Like dancing Bon Odori, our Holy Communion is a group act. It is a joyful remembrance that those who have passed. We commemorate, and we thank God for them, for their building up of God’s kingdom. We honor them, and we give thanks.

The youth group left Tuesday on their racial justice pilgrimage. They are visiting historic sites in the Deep South and learning about the history of slavery, Jim Crow, and the Civil Rights Movement. Please keep them and their chaperones in your prayers.

Deacon Miguel Bustos is in Baltimore helping with the “It’s All About Love” gathering there. This is the first national event that he has helped to organize for the Episcopal Church in his new role as Manager for Racial Justice and Reconciliation. Folks are attending from around the country and the world.

We continue to work on the IT bugs as we move the Grace Cathedral server to the cloud and upgrade the phone system. We are aware that some phones are not working and others cannot access voicemail (the system is internet-based) at both the Cathedral and Diocese House. If you cannot contact a priest or staff person, please reach out via email. Our emails follow this format: first name and first initial of last name (e.g. I am gregk@gracecathedral). We hope to have these problems resolved soon!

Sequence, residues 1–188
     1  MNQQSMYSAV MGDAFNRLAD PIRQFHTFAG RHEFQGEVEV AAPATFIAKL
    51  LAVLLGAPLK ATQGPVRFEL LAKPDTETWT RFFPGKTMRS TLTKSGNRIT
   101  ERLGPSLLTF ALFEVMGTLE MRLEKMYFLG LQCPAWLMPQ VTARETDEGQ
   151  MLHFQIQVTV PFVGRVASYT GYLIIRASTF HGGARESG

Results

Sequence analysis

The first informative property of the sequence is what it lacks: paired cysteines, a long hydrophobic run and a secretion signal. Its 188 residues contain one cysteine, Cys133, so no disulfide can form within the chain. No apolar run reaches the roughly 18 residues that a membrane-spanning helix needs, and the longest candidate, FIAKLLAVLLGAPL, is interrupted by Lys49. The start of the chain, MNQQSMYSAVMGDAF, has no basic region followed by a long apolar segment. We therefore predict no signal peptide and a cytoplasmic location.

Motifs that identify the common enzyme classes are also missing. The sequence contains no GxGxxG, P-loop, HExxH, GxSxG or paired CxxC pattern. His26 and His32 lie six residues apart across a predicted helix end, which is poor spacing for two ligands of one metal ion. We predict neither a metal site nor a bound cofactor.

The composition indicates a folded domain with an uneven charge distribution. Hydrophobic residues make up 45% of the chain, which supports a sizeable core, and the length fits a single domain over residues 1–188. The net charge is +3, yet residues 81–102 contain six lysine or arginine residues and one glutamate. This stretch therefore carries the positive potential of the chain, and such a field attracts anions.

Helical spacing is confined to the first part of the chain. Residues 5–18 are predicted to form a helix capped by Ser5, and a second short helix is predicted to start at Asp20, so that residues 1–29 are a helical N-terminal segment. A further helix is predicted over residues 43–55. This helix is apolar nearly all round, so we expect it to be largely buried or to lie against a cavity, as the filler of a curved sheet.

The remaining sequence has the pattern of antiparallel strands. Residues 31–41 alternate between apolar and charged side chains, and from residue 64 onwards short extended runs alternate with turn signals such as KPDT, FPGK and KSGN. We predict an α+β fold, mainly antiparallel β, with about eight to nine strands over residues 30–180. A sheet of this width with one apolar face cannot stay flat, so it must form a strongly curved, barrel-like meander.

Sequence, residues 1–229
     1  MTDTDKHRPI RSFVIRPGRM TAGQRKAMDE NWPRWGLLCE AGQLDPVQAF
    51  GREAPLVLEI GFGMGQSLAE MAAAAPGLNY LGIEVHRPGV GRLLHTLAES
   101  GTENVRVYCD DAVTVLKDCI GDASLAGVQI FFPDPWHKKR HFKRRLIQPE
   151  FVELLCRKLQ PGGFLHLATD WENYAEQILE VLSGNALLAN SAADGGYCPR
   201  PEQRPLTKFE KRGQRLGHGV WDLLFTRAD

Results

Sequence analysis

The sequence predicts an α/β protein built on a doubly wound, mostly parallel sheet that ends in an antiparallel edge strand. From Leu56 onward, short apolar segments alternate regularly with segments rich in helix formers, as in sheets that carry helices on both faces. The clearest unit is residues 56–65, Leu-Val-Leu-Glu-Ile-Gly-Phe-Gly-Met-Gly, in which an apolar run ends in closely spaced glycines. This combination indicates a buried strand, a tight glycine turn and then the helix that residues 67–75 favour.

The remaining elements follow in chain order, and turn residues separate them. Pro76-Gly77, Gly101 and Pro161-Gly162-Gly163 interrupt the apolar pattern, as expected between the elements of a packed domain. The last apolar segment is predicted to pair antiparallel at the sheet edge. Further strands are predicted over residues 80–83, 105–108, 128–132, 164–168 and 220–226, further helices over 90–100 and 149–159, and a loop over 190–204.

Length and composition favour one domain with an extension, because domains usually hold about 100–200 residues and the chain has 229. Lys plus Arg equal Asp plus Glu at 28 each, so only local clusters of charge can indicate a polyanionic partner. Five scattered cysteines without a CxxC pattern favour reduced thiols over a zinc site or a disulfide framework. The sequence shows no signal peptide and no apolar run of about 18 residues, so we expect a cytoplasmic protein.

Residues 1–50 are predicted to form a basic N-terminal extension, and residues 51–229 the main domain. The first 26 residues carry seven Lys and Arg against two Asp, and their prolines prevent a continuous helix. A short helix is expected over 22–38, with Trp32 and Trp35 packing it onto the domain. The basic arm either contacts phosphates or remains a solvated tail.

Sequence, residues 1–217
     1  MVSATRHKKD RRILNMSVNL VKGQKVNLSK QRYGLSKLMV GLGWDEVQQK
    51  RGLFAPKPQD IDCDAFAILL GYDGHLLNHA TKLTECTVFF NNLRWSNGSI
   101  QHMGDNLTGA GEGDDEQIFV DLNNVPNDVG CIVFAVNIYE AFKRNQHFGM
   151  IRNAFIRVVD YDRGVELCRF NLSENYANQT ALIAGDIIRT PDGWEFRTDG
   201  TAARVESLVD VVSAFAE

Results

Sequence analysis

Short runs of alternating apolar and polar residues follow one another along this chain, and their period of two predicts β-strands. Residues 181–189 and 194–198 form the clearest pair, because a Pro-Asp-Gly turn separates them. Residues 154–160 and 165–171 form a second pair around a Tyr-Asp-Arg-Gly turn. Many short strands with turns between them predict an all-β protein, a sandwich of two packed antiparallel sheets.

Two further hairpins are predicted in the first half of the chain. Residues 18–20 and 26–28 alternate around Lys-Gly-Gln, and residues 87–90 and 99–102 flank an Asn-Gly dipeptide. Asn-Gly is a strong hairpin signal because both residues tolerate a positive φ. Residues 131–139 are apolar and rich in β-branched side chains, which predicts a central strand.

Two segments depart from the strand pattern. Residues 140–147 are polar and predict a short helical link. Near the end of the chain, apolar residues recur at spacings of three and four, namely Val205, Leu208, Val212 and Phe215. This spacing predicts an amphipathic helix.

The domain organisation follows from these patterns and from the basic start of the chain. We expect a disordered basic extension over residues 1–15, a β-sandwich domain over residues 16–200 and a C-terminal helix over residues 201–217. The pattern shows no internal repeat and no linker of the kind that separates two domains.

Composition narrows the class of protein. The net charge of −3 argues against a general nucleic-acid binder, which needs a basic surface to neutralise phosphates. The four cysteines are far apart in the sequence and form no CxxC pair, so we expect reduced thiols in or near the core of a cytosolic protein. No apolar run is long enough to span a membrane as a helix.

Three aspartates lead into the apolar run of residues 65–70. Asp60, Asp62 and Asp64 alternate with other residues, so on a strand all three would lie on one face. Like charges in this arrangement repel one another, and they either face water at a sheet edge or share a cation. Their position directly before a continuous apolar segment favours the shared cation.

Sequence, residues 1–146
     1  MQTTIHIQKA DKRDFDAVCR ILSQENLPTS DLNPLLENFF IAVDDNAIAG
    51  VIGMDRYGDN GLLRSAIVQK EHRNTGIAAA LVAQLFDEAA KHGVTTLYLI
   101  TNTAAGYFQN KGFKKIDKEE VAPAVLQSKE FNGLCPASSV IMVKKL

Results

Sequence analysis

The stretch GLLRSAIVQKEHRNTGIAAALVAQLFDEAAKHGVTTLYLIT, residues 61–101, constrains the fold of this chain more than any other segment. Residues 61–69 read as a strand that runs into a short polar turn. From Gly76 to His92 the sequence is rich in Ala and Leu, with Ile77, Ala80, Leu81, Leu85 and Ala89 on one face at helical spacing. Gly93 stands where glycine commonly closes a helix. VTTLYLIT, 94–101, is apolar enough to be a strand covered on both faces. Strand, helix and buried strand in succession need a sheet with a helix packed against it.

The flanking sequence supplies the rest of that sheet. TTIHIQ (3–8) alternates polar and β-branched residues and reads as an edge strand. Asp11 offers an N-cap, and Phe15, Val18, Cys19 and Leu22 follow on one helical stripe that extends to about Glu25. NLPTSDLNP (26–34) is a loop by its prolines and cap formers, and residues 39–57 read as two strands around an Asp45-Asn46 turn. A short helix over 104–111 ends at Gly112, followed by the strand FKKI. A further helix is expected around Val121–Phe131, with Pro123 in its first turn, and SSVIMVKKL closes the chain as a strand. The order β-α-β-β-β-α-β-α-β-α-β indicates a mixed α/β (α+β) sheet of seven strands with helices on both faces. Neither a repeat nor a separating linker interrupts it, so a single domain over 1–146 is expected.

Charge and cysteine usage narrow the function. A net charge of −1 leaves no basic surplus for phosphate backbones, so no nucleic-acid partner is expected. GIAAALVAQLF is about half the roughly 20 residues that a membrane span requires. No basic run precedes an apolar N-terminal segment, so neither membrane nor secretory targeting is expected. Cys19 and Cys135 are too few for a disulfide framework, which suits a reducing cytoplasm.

The Rev. Greg Kimura, Ph.D. (Cantab.)
Vice Dean

O God, from whom all good proceeds: Grant that by your inspiration we may think those things that are right, and by your merciful guiding may do them; through Jesus Christ our Lord, who lives and reigns with you and the Holy Spirit, one God, for ever and ever. Amen.

– Collect for 2 Pentecost

We mark the passing year in various ways at different points in our lives. The church year begins with Advent. The calendar year is in January. The fiscal year (for many) is July.

This week marks the beginning of summer for many families with K-12 students. Here at Grace Cathedral, the week has been busy with religious services and board meetings. It has also been frantic with end-of-school activities as Cathedral School for Boys students and others graduate or depart for summer.